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It is unquestionably one of the most challenging issues to confront an insurer – the demand to settle a claim within the insured’s limits of liability. We all know the drill. An insurer has been defending its insured for a while. The case is coming down to the end and trial is on the horizon. The insurer is at the point where it knows as much about the liability and damages issues as it ever will. And with that information, the possibility of a verdict in excess of the limits of liability is known to be a real one. A demand to settle within the insured’s limit of liability, thereby relieving the insured of the risk of personal liability, is made by the plaintiff. All things considered, the applicable state standard, for whether the insurer should accept the limits demand, has been met. In other words, not accepting the demand will saddle the insurer with liability for an excess verdict. [Of course, when there are also coverage issues, the degree of difficulty here goes from a double lutz to a triple axel. But that’s not the issue today.]But there is another version of this story. Change one fact -- a demand to settle within the insured’s limit of liability is never made. In this situation, insurers generally see themselves as relieved of any risk of exposure for an excess verdict. After all, even though the insured has a legitimate risk of personal liability for a verdict above its policy limit, the insurer’s hands are tied. Right? Without a demand to settle within the insured’s limit of liability, what’s it to do? No matter how much it makes sense to settle the case, the opportunity to do so just isn’t there.This is the fundamental issue at the core of the Louisiana Supreme Court’s decision in Kelly v. State Farm Fire & Casualty Co., No. 2014-CQ-1921 (May 5, 2015), [enhanced version available to lexis.com subscribers]. Kelly involves an automobile accident, a low limits auto policy and an excess verdict. But the particular facts of Kelly are not necessary to address the issues and overarching lessons from the case. So I’ll skip all that and get right to big picture. The Louisiana Supreme Court, at the request of the Fifth Circuit, [enhanced version available to lexis.com subscribers], had this question before it: Can an insurer be found liable for a bad-faith failure-to-settle claim, i.e., an excess verdict, when the insurer never received a firm settlement offer?To be more specific, the issue was whether an insurer’s liability, for such excess verdict, could be based on its obligations under La. R.S. Section 22:1973(A), [enhanced version available to lexis.com subscribers], which provides as follows:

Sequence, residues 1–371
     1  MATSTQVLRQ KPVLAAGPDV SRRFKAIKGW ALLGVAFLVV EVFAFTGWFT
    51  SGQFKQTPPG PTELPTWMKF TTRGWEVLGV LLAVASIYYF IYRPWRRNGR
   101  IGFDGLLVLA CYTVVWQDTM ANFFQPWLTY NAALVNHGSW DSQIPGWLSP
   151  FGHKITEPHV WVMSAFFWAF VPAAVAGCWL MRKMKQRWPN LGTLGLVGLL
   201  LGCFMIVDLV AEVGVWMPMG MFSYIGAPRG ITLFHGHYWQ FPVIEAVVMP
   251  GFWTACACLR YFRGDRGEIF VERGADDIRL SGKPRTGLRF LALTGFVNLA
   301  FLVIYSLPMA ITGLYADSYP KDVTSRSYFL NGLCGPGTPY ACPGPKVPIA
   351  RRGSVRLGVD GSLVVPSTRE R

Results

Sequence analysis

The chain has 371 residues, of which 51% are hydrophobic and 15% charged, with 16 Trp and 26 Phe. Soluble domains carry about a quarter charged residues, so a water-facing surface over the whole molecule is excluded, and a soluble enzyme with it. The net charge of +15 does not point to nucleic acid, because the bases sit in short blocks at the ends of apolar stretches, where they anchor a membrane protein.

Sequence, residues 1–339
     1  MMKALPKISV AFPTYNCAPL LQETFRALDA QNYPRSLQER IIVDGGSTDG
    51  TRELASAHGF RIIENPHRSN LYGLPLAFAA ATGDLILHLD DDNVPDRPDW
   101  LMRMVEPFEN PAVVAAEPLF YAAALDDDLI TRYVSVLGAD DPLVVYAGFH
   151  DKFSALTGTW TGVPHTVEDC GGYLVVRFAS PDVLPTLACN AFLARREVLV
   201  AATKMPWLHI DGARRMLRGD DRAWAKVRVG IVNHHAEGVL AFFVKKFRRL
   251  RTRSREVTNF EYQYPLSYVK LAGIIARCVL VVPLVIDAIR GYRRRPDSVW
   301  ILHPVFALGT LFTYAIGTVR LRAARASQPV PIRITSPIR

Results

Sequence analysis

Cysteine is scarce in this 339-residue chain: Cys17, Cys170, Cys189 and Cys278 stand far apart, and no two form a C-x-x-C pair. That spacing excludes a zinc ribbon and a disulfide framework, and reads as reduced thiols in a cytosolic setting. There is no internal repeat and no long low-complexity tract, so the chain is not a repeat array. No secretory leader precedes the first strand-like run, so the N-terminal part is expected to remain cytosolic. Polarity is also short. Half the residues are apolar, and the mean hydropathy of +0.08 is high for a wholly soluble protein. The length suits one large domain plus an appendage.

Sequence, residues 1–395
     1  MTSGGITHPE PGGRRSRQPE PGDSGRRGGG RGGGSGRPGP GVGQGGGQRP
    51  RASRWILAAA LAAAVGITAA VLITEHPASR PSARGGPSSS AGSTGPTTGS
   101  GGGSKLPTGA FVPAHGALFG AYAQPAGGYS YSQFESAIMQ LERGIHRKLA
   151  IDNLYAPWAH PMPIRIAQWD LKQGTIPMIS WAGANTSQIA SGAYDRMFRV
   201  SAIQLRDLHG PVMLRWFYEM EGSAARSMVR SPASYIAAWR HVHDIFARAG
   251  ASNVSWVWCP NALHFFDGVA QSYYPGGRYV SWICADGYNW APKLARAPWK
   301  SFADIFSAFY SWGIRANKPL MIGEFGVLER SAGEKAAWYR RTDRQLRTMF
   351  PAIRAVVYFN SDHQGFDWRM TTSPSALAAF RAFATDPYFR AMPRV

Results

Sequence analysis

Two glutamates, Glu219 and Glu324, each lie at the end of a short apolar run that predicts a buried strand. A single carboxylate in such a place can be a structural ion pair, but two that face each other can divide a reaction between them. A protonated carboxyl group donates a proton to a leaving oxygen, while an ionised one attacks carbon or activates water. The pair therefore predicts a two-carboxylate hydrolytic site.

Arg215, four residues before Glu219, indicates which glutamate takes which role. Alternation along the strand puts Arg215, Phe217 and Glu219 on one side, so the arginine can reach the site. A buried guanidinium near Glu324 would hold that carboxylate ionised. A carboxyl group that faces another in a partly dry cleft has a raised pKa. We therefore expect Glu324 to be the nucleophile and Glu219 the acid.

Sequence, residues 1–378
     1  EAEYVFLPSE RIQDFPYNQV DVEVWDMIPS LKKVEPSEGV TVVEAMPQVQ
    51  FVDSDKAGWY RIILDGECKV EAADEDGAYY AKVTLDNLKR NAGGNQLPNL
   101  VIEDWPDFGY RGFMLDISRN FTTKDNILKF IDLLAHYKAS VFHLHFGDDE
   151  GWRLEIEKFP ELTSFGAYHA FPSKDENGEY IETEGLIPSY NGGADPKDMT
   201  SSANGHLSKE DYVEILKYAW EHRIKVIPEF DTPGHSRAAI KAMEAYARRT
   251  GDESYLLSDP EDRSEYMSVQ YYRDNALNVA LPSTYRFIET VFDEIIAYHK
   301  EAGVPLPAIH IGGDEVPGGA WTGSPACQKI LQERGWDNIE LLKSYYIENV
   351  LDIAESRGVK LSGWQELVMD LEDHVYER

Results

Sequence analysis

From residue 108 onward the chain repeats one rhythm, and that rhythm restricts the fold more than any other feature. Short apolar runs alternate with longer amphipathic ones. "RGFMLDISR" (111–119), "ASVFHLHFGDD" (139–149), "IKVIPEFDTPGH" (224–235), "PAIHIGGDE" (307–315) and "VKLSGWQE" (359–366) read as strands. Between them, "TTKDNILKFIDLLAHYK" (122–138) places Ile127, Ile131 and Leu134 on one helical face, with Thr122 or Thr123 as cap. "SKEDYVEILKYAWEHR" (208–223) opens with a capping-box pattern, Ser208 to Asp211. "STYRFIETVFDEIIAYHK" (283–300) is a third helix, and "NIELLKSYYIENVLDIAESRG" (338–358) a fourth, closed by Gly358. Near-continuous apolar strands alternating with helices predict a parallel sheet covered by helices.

"An insurer, including but not limited to a foreign line and surplus line insurer, owes to his insured a duty of good faith and fair dealing. The insurer has an affirmative duty to adjust claims fairly and promptly and to make a reasonable effort to settle claims with the insured or the claimant, or both. Any insurer who breaches these duties shall be liable for any damages sustained as a result of the breach."
The court’s first task was to determine whether an insured possesses a cause of action, under La. R.S. Section 22:1973(A), for bad faith failure to settle. The court held that it did. Among other reasons, the Louisiana high court pointed to the “long lineage” of the state’s case law that has provided insureds with a cause of action to recover a judgment in excess of policy limits. The court referred to Section 22:1973(A) as the legislature’s “essential codification” of the “jurisprudentially-recognized cause of action in favor of insureds for an insurer’s bad faith failure to settle.”
The court put its conclusion, that an insured possesses a cause of action, under La. R.S. Section 22:1973(A) for bad faith failure to settle, this way: “[I]t is presumed the Legislature enacts each statute with deliberation and with full knowledge of all existing laws on the same subject. It therefore stands to reason that the legislature did not intend its remedial measures to take away any rights, but to add rights.”
Having determined that Section 22:1973(A) supports a cause of action for bad faith failure to settle, the court turned to the next question: must an insurer receive “a firm settlement offer” as a condition for an insured to recover for the insurer’s bad-faith failure-to-settle?
The court answered this question in the negative. First, the court was persuaded by the statute’s use of the phrase “affirmative duty,” which it noted means “to take positive action(s) to comply with a legal standard.” Then, the court noted that two positive steps listed in the statute, to meet this duty, are: “adjust claims fairly and promptly” and “make a reasonable effort to settle claims with the insured or the claimant, or both.”
Following these observations, the court explained its conclusion, that an insurer need not receive “a firm settlement offer,” as a condition for an insured to recover for the insurer’s bad-faith failure-to-settle, as follows (lengthy quote follows (citations omitted), but it’s worth setting out the court’s explanation in full):
“The clearest indicator is that a firm settlement offer is not listed anywhere in the statute. To impose the requirement of a firm settlement offer would essentially amount to adding words not included in the statute. As we understand State Farm’s brief, not only would we have to essentially add wording requiring a ‘firm’ or ‘actual’ offer to settle, but State Farm would have us further qualify that an offer must be ‘within the available policy limits.’ The wording proposed by State Farm amounts not to statutory interpretation, but to a wholesale rewriting of La. R.S. 22:1973(A). Such rewriting is not, however, the role of this or other Louisiana courts.